Field work consisting of data collection has recently finished. 154 UABC students and interns participated, doing 1,250 PCR (polymerase chain reaction that detects genetic material from the virus) and serological tests. PCR results will come in soon, performed by the state laboratory in Mexicali. The Massachusetts Institute of Technology’s Broad Institute is analyzing serological results. Findings are a few weeks away.
We also heard from Hernando Duran, Antonieta Peregrina, and Sergio Cisneros on the Rio Tijuana Initiative whose mission is to ensure an ecologically sustainable Tijuana River, while connecting the city and providing public access to all, through a collaborative management process, community action, and strategic leadership.
This is a 20-50 year solution to restore the river, generate open spaces, connect the city, build community, and create value.
The team’s action plan for 2021 looks at communication, education/ engagement, public policy alignment, and technical implementation. They need to raise $850,000. The first stage, from December 2020 to March 2021, requires $34,000.
Mario Lopez of IEnova, a Sempra-owned company in Mexico, remarked that the company has enormous presence in Mexico, with electric assets, gas utilities, gas/liquid assets, gas pipelines, and storage facilities. It has invested $9.5 billion and has another $2.5 billion under development.
Though there is a challenging energy sector relationship with Mexico’s President Lopez Obrador, IEnova has been able to grow.
Its liquefied natural gas (LNG) terminal in Ensenada will be able to liquefy gas to sell in Asia. This is a $2-billion investment.
Another IEnova venture, Energia Sierra Juarez, in the Rumorosa Mountains between Tecate and Mexicali is supplying wind energy to San Diego and is expanding.
Congratulations to Consul General Carlos González Gutiérrez for arranging a visit from the Acting Undersecretary of the Mexican Foreign Ministry (SRE) in late February. Undersecretary Roberto Velasco stated that the federal government is fully committed to finding a solution to the Tijuana River Valley cross-border pollution problem and is strongly supporting the construction of the Otay Mesa East Port of Entry.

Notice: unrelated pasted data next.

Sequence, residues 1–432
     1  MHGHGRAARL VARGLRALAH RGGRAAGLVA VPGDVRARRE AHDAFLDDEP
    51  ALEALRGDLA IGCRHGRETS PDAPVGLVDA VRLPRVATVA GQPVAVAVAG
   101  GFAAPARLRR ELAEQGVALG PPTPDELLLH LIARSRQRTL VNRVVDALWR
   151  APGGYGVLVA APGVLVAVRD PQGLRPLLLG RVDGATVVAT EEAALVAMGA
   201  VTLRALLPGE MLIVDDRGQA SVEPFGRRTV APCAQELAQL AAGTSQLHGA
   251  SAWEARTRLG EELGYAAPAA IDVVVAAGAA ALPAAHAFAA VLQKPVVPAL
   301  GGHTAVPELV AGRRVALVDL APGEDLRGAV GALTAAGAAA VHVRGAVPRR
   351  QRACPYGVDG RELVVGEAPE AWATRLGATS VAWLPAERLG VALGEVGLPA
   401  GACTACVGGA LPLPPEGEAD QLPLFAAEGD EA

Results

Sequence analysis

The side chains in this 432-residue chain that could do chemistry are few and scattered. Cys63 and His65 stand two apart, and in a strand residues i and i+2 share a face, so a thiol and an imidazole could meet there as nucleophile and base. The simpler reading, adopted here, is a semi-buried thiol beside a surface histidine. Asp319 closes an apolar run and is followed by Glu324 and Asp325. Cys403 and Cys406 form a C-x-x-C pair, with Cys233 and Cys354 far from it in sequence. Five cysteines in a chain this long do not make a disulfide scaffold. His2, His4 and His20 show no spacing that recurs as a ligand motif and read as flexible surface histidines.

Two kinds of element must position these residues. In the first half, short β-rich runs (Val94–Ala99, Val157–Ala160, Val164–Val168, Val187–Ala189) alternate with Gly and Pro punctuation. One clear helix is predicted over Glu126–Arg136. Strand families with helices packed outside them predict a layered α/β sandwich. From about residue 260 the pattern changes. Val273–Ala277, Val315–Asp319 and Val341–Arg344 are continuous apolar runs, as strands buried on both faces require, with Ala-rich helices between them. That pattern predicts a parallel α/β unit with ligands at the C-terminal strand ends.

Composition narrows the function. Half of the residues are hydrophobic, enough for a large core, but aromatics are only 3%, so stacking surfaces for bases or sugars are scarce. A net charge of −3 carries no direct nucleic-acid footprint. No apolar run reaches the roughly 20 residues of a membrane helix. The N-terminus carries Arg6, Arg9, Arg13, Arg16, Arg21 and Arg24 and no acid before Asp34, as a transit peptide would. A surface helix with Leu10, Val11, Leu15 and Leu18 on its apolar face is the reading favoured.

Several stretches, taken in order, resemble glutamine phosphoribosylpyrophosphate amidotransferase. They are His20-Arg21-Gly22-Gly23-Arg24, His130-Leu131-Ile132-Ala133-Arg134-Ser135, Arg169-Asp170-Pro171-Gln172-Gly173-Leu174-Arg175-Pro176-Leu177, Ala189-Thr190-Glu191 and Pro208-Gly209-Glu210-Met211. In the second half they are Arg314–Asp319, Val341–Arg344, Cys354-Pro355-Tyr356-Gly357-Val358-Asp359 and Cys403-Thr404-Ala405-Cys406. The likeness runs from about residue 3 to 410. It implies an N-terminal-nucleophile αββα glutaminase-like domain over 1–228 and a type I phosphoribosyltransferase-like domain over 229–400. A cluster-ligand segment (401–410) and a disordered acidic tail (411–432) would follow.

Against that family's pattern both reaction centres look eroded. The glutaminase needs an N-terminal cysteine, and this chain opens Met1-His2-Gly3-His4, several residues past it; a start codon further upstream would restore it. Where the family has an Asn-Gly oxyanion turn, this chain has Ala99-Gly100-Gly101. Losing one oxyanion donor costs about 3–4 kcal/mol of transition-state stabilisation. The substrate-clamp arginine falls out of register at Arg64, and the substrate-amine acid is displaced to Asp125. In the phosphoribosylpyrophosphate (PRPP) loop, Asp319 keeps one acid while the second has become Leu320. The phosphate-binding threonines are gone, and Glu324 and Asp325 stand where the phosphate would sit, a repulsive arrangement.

At the joint COBRO and Borders Committee meeting, the San Diego Association of Governments (SANDAG) unveiled its new study on the impact of wait times in our region. The study derives from a 2016 effort that captured 11,000 surveys on travel behavior characteristics and emissions-related information and more than 12,000 direct measurements of border crossing times.
SANDAG’s economic analysis estimates impact to regional, state, and binational economies in terms of losses to economic output, labor income, and jobs. The analysis quantifies impacts to regional air quality in terms of emissions (including greenhouse gases) from vehicle delays in cross-border movements of personal and commercial vehicles.
In general, the economic analysis finds that in 2016 output losses are $3.4 billion and a job loss of 88,000. Anticipated losses by the year 2025 grow by nearly 50% in terms of output, and 10% in jobs. However, when additional capacity enhancements are implemented (i.e., new Otay Mesa East Port of Entry, Calexico East bridge expansion, etc.), this growth could be fully mitigated to below-2016 levels.
In terms of pollution levels, planned infrastructure and operational improvements are needed by 2025 and 2035 so that growing delay and queuing do not overwhelm emission reductions derived from less-polluting fuels and more efficient vehicles.
For much more information please go to: